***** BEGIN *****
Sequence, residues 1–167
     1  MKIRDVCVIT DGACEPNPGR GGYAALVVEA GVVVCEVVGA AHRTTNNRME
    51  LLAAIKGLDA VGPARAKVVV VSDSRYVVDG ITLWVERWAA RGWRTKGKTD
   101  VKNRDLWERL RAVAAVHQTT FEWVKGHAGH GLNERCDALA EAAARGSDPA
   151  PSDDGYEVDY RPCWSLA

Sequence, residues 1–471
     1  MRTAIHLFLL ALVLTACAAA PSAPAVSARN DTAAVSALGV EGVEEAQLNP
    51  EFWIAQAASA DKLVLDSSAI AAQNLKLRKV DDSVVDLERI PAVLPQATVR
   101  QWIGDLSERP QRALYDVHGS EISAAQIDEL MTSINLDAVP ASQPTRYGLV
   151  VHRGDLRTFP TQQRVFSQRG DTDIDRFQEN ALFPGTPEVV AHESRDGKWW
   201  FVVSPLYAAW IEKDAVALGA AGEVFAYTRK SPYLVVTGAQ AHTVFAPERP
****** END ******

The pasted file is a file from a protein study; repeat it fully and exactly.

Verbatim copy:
Sequence, residues 1–167
     1  MKIRDVCVIT DGACEPNPGR GGYAALVVEA GVVVCEVVGA AHRTTNNRME
    51  LLAAIKGLDA VGPARAKVVV VSDSRYVVDG ITLWVERWAA RGWRTKGKTD
   101  VKNRDLWERL RAVAAVHQTT FEWVKGHAGH GLNERCDALA EAAARGSDPA
   151  PSDDGYEVDY RPCWSLA

Sequence, residues 1–471
     1  MRTAIHLFLL ALVLTACAAA PSAPAVSARN DTAAVSALGV EGVEEAQLNP
    51  EFWIAQAASA DKLVLDSSAI AAQNLKLRKV DDSVVDLERI PAVLPQATVR
   101  QWIGDLSERP QRALYDVHGS EISAAQIDEL MTSINLDAVP ASQPTRYGLV
   151  VHRGDLRTFP TQQRVFSQRG DTDIDRFQEN ALFPGTPEVV AHESRDGKWW
   201  FVVSPLYAAW IEKDAVALGA AGEVFAYTRK SPYLVVTGAQ AHTVFAPERP